Every cigarette smoker, particularly those who have smoked for a long time, will at some point or the other think of and want to quit. However, deciding upon the best approach for quitting can be confusing – some argue that weaning off nicotine is the best option while others prefer going ‘cold turkey’. Many smokers would have tried one or the other and possibly not experienced success but both methods has its pros and cons. Going ‘cold turkey’ means to suddenly quit cigarettes or other nicotine products altogether whereas ‘weaning off’ means gradually reducing the quantity and frequency of cigarettes and nicotine products over a period of time.
Weaning Off Cigarettes
Stepping down the consumption involves first identifying your current daily consumption. There is no point being misleading about this as the only person you will be lying to is yourself. This can seriously hamper the success of your smoking cessation endeavor. When weaning off cigarettes or nicotine products, one should work on a weekly schedule. Rushing through it can quickly lead to failure. Ideally the consumption should be reduced by one-third of the previous week until a point is reached where you can feel certain that you can do without it entirely.
For example, a person who is smoking 20 cigarettes a day will reduce cigarette consumption to 14 to 15 cigarettes per day for week one. This will then be further reduced to 10 cigarettes per day in week two. By week three the consumption will be about 7 cigarettes a day. Week four around 4 cigarettes a day. As you can see, this is a 30% reduction per week. If you feel that you are about to “slip off the bandwagon”, it is best to return to a higher consumption level where you are comfortable until you reach the point where you are willing to reduce the consumption again.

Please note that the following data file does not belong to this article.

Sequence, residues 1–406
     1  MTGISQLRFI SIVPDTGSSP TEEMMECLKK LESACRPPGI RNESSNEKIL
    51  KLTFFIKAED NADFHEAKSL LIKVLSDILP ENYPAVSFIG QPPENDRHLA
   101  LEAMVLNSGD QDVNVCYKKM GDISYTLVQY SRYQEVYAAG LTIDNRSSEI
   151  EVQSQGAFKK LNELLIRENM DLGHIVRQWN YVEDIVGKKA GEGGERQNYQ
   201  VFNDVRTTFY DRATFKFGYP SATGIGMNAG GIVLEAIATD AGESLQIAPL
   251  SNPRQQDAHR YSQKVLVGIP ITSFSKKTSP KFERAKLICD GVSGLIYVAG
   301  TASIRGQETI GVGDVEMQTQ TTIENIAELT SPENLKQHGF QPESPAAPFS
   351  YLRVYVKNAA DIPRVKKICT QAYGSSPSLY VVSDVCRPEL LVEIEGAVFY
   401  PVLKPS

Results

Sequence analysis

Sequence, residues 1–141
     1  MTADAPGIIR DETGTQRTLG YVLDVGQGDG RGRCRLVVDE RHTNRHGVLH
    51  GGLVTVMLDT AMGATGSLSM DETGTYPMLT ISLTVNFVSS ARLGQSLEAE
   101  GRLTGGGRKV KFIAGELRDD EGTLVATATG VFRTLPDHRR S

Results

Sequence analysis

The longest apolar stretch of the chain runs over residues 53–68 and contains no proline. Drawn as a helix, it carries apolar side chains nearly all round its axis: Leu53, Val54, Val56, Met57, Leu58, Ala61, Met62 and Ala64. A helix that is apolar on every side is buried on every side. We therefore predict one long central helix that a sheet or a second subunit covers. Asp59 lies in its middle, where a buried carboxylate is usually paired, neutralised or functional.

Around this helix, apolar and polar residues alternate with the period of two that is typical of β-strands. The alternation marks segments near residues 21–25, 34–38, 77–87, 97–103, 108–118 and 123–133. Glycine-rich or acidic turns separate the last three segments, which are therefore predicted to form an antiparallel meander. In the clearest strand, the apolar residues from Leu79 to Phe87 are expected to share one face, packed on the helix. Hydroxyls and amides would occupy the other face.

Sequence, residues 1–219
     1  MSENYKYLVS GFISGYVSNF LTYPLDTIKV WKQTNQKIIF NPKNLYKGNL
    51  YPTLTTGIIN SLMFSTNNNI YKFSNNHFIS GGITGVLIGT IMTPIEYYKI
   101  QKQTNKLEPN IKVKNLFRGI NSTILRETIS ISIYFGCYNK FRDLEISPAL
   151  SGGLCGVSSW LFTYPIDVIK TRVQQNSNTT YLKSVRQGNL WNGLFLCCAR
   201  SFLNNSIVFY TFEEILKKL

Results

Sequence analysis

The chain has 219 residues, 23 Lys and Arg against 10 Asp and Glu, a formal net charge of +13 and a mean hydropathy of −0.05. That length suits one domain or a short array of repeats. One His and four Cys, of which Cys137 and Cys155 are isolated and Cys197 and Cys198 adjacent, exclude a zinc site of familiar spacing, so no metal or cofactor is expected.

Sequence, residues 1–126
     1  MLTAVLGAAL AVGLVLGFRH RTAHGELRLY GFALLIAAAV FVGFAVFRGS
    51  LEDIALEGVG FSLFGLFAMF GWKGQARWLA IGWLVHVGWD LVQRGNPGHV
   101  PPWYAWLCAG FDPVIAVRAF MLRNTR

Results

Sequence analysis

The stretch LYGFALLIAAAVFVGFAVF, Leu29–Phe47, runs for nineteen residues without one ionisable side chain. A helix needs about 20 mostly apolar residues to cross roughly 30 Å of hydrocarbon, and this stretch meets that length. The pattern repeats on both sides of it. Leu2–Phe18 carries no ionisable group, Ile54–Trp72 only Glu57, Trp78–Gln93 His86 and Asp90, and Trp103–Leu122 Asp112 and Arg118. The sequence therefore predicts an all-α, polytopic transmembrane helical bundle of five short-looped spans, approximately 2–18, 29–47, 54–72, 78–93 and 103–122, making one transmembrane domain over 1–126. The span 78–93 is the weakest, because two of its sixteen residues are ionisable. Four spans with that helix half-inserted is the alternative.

Gradually reducing your cigarette consumption and the use of nicotine products requires a predetermined schedule and discipline. Since the cigarettes or nicotine products are in your hand, it is easy to fall off track and consume more than was laid out for the day. Many feel that this is the best route to reduce the withdrawal symptoms of quitting but it is best to consult with a doctor or pharmacist and discuss suitable nicotine replacement products that can help you along.
Quitting Cold Turkey
This method often arises suddenly rather than being planned. You may decide to quit tomorrow and throw out your pack of cigarettes last thing in the evening or you suddenly wake up one morning and decide you no longer want to smoke. Not surprisingly, it often comes about with a health scare or after a night of excesses. Quitting cold turkey is not for every person. It requires a significant amount of discipline especially if you are frequently exposed to other smokers. Many who have successfully quit will confirm that it is the hardest method to overcome a cigarette smoking addiction. It is often useful to keep track of each day that you stay away from cigarettes and mark it clearly as a means of motivating yourself on day-to-day basis.
Using a nicotine replacement product to replace your cigarette smoking is not considered as ‘cold turkey’. Many people opt for snacks, gum or candy to replace the cigarettes with regards to the psychological dependence of having something in the hand or mouth. However, this should be used cautiously and can often contribute to weight gain during the quitting phase. Most cigarette smokers report the most intense withdrawal symptoms within the first 10 days of quitting, and this gradually eases over days and weeks. However, the craving may persist for weeks, months or rarely even for years.